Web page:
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Effects of dietary black cumin seed meal on growth performance, blood biochemistry and fatty acid composition of Pacific white shrimp Litopenaeus vannamei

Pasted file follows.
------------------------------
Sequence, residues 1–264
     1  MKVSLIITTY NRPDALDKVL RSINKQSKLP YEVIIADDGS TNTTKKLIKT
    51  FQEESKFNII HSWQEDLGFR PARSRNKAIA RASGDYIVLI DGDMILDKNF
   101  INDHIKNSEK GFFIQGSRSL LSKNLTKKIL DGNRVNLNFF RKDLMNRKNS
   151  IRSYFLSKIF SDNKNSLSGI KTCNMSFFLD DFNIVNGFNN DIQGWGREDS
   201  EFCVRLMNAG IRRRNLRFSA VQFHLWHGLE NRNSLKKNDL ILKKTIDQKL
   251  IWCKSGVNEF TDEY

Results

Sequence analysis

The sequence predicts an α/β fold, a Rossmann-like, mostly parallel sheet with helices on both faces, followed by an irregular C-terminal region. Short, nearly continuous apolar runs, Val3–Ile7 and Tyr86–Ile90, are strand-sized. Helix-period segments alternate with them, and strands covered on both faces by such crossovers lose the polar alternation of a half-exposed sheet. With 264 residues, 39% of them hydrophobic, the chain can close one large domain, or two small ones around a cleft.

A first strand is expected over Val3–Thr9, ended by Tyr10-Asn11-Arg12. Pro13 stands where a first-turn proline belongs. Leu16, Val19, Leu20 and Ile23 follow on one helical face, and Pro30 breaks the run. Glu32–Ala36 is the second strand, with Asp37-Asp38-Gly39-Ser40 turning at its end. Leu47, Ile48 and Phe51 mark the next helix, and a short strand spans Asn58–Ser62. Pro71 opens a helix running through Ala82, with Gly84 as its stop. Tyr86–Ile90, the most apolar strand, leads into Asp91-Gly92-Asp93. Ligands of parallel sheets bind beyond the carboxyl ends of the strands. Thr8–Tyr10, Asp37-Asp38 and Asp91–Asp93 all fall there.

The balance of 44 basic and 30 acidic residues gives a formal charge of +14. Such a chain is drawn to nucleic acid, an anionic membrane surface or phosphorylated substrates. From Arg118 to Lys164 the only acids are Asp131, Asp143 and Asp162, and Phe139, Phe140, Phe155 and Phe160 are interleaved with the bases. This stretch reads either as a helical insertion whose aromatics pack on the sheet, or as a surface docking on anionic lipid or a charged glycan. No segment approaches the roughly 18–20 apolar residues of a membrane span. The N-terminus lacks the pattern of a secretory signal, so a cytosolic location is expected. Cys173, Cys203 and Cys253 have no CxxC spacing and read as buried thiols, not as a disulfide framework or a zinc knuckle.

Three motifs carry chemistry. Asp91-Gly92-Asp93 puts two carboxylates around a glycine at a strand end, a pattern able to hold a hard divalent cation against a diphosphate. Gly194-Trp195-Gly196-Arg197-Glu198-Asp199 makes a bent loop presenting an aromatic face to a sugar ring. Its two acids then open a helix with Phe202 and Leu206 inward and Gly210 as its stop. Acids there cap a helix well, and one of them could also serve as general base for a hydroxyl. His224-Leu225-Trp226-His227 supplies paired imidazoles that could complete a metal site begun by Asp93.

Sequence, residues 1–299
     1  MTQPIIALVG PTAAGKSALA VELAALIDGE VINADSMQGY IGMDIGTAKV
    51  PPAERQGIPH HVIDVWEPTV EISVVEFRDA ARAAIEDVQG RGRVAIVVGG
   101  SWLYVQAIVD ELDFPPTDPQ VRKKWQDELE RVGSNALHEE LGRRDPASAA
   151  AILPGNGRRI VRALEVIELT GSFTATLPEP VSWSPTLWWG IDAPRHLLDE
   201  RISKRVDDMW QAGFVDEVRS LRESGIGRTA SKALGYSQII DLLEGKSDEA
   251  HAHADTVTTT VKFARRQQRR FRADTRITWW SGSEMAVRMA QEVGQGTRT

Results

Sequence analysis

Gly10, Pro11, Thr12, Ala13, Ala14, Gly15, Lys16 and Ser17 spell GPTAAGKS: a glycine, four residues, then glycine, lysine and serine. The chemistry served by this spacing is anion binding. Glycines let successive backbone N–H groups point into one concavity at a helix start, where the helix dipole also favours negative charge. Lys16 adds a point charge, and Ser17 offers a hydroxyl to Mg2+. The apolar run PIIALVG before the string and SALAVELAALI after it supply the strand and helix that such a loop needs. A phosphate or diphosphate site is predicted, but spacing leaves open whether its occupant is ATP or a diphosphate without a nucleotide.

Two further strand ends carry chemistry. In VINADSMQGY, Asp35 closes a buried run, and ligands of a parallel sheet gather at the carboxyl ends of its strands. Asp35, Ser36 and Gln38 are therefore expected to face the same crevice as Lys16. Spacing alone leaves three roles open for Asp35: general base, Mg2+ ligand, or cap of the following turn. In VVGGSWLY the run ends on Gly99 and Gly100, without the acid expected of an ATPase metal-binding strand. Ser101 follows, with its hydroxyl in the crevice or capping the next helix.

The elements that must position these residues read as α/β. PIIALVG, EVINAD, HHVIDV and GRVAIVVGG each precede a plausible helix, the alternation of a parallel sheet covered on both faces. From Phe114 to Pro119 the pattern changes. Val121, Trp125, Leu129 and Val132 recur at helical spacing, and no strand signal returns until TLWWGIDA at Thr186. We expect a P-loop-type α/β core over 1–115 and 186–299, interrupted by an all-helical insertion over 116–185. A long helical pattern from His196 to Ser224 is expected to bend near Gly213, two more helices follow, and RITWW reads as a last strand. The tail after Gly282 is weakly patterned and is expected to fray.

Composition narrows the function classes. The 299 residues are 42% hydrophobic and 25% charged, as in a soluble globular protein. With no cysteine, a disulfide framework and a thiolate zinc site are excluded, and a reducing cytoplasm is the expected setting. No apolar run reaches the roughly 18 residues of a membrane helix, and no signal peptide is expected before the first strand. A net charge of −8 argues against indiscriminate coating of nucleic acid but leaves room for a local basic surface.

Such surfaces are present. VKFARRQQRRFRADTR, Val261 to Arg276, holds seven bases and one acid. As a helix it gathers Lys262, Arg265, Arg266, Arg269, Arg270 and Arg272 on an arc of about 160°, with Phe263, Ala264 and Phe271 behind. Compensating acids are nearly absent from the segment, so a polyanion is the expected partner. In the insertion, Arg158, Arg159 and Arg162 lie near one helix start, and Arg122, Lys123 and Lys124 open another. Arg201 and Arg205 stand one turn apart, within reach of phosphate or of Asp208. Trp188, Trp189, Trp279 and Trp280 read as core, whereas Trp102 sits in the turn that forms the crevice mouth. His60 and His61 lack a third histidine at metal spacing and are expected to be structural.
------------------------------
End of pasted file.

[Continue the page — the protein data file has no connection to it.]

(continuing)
This study examined the effects of black cumin seed (BCS) on growth performance, whole-body proximate and fatty acid composition, and blood biochemistry of Pacific white shrimp Litopenaeus vannamei. Six hundred shrimp (7.5 ± 0.2 g) were assigned into five treatments in three replicates. Five diets containing BCS at 0, 5, 15, 30 and 50 g/kg were prepared and named BCS0, BCS5, BCS15, BCS30 and BCS50, respectively. Shrimp were fed at a rate of 5% body weight three times daily for 90 days. Shrimp fed BCS5, BCS15 and BCS30 showed no adverse effects on growth, whereas shrimp fed BCS50 showed retarded growth parameters. Consistently, cortisol was significantly increased in BCS50 group. Moreover, cholesterol and triglyceride were significantly lower in shrimp that fed diets containing BCS compared to the control (p < .05). The highly unsaturated fatty acid (HUFA) was significantly higher in the control diet compared to other diets, but it was significantly higher in shrimp that fed BCS30 and BCS50 than in control shrimp with no significant increase in Δ6 fatty acyl desaturase transcript. Considering the growth parameters, the highest body HUFA contents, and the lowest haemolymph cholesterol and triglyceride levels, the supplementation of BCS in shrimp diet is suggested at 30 g/kg

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